According to the paper, when in the future Bitcoin’s block rewards fall to zero — given that only a limited number of new Bitcoin will ever be created — transaction fees alone will not be able to sustain mining expenses. The argument implies that the Bitcoin network would become so slow that it would be virtually unusable, stating:
“Simple calculations suggest that once block rewards are zero, it could take months before a Bitcoin payment is final, unless new technologies are deployed to speed up payment finality.”
The study further notes that while second-layer solutions like the Lightning Network could help, “the only fundamental remedy would be to depart from proof-of-work.” Such a departure, according to the report, would “probably require some form of social coordination or institutionalisation.”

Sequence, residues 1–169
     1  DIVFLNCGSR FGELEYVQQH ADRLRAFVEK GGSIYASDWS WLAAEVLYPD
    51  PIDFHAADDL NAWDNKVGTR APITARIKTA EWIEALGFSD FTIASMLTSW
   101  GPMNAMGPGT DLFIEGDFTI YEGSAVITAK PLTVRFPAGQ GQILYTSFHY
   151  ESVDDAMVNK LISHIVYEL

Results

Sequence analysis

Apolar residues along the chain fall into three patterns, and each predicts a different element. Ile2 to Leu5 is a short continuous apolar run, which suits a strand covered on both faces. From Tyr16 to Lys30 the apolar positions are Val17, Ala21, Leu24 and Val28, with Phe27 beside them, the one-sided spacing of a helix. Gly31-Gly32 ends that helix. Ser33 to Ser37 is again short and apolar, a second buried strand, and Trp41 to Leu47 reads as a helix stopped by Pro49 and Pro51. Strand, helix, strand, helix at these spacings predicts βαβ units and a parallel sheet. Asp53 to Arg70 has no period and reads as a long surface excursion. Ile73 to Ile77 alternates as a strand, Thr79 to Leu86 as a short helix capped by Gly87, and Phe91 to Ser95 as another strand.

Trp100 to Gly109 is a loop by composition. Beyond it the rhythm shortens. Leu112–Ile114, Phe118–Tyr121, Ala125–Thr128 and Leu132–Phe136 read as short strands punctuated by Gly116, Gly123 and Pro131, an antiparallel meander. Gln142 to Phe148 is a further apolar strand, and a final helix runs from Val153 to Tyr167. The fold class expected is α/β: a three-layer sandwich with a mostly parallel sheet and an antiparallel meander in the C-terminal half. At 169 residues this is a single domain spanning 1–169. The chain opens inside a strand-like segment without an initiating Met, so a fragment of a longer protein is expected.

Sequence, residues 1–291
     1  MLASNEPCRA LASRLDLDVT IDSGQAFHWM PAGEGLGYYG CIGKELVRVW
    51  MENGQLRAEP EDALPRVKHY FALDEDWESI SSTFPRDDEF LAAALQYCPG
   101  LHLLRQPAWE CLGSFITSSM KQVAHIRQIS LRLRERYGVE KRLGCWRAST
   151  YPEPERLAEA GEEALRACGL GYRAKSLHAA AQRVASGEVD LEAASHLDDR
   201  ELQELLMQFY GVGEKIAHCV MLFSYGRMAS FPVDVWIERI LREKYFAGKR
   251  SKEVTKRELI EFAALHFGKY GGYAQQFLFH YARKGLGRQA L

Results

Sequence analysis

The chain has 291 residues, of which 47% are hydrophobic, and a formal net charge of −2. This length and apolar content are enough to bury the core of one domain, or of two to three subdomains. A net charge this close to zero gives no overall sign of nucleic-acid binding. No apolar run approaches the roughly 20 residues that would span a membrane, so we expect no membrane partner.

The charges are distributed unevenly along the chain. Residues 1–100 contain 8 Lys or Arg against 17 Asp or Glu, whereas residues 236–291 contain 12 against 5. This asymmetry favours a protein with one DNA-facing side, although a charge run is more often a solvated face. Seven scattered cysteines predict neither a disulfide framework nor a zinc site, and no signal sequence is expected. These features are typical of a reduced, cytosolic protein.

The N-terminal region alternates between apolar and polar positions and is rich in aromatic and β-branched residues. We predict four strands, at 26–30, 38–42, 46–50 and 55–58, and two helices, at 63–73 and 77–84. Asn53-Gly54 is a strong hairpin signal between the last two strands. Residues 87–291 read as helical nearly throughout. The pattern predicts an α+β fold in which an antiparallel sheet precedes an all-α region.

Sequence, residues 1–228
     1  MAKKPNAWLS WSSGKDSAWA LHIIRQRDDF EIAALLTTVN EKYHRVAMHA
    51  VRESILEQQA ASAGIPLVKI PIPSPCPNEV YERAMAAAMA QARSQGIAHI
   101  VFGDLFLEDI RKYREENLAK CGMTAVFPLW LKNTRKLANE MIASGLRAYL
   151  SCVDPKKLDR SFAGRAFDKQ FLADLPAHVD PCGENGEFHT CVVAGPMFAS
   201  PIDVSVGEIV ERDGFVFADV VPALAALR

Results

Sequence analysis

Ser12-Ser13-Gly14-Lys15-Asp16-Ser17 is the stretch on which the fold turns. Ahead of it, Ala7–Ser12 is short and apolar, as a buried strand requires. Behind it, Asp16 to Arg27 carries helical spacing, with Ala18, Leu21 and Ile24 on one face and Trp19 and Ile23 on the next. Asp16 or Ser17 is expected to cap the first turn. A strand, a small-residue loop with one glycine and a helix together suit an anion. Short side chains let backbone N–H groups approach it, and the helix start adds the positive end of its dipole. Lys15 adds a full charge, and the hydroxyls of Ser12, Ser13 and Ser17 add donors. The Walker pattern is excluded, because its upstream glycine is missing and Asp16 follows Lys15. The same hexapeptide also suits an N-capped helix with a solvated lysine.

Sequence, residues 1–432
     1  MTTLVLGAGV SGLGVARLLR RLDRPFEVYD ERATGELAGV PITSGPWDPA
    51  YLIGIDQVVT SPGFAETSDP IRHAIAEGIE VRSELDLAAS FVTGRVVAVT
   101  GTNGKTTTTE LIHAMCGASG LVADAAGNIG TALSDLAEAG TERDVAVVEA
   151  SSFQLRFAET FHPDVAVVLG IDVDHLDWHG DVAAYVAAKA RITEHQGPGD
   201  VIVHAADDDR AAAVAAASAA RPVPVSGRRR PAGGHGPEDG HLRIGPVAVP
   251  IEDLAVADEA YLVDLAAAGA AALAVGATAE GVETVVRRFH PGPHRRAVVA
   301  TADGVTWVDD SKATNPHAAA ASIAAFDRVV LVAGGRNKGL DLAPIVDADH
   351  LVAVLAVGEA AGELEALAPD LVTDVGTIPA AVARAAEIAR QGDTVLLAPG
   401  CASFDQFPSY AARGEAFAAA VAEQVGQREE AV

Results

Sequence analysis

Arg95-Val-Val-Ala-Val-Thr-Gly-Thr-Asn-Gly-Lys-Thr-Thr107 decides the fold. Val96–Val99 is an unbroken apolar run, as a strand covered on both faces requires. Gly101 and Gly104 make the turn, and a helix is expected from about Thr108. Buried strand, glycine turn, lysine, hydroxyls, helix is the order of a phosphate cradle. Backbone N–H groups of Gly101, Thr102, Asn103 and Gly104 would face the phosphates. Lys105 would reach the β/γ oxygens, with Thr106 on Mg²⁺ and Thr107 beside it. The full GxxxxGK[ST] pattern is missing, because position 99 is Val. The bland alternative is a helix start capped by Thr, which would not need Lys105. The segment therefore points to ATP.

The document’s overall conclusion is that, according to the researchers, “in the digital age too, good money is likely to remain a social construct rather than a purely technological one.”
The Switzerland-based BIS is an organization consisting of 60 central banks, which reportedly account for 95 percent of global GDP.
Another report published by the BIS in September last year found a strong correlation between crypto prices and news of regulatory intervention globally.